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The Divine Commodity

Today many people choose churches like they choose groceries.

It's an eye-catching cover and snappy title: Shopping for God. But page one reads, "This book is not about God." The discrepancy between cover and content, between the pitch and the product, is what James Twitchell has built his career upon. A professor of advertising at the University of Florida, he knows even the most sacred things have been reduced to commodities in our consumer culture.

Twitchell is a self-confessed "cold Christian" and "apatheist," someone who cares little about his own faith. But he is interested in "how religious sensation is currently being manufactured, branded, packaged, shipped out, and consumed."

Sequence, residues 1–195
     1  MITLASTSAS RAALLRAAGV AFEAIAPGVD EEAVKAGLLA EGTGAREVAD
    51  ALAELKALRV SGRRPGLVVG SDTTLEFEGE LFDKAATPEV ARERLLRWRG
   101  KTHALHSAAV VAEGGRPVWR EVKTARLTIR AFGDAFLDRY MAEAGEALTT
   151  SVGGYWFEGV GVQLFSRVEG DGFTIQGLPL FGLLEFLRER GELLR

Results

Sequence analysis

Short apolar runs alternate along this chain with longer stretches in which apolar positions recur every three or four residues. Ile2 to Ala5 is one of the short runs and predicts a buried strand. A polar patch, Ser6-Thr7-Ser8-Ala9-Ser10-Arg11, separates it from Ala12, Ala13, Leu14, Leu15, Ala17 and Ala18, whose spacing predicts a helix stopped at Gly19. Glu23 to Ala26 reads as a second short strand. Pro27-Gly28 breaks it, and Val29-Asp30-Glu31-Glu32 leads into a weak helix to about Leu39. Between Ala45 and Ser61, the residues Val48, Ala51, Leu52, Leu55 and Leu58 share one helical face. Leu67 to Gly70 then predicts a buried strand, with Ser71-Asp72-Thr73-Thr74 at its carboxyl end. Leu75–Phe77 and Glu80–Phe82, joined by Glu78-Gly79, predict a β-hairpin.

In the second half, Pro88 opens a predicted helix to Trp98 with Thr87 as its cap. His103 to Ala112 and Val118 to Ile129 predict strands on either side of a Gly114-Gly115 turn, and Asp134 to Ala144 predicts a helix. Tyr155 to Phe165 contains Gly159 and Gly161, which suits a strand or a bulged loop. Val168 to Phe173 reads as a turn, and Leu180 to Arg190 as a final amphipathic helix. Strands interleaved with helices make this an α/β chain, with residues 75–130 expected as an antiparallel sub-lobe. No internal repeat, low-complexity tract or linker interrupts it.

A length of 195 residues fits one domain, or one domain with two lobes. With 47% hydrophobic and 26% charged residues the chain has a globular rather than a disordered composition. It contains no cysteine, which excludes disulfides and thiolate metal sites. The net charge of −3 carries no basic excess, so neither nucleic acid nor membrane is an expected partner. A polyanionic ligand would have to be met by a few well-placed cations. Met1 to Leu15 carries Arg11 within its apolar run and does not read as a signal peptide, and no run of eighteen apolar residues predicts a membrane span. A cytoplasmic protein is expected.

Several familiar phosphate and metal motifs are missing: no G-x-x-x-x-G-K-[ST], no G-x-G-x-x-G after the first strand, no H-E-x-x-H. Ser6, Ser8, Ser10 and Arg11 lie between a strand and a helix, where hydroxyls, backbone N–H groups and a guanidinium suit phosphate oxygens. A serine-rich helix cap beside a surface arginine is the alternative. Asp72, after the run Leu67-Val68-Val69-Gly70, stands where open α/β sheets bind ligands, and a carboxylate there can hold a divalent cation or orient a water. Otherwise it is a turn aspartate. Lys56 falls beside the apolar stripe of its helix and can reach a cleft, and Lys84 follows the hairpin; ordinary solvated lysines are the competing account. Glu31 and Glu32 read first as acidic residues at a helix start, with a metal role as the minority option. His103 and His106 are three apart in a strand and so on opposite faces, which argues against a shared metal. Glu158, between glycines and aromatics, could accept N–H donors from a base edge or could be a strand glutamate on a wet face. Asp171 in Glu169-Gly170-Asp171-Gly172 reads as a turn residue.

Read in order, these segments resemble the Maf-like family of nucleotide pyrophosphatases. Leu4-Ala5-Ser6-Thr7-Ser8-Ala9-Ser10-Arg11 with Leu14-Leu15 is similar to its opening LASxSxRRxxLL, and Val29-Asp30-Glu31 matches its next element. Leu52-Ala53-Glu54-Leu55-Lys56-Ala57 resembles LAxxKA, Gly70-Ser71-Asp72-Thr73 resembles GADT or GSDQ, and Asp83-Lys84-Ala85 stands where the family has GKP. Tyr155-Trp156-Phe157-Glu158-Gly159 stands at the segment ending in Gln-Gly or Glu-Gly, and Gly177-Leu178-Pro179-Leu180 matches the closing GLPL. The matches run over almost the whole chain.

What can church leaders gain here? A lot. Most of what we read about ministry leadership, outreach, and management is infused with a heavy dose of spiritual language—including the content of this fine journal. Twitchell propels the pendulum the other way. By removing God language, he asserts that most of what we assume to be fueled by divine power may actually ...

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